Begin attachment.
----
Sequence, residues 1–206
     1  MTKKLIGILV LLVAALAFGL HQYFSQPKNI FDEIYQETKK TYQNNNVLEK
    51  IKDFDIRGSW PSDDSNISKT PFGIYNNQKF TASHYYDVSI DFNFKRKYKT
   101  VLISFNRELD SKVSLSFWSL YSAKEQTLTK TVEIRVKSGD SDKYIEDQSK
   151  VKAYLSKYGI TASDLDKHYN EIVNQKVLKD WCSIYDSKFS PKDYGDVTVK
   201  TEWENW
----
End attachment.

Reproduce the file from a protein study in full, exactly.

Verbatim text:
Sequence, residues 1–206
     1  MTKKLIGILV LLVAALAFGL HQYFSQPKNI FDEIYQETKK TYQNNNVLEK
    51  IKDFDIRGSW PSDDSNISKT PFGIYNNQKF TASHYYDVSI DFNFKRKYKT
   101  VLISFNRELD SKVSLSFWSL YSAKEQTLTK TVEIRVKSGD SDKYIEDQSK
   151  VKAYLSKYGI TASDLDKHYN EIVNQKVLKD WCSIYDSKFS PKDYGDVTVK
   201  TEWENW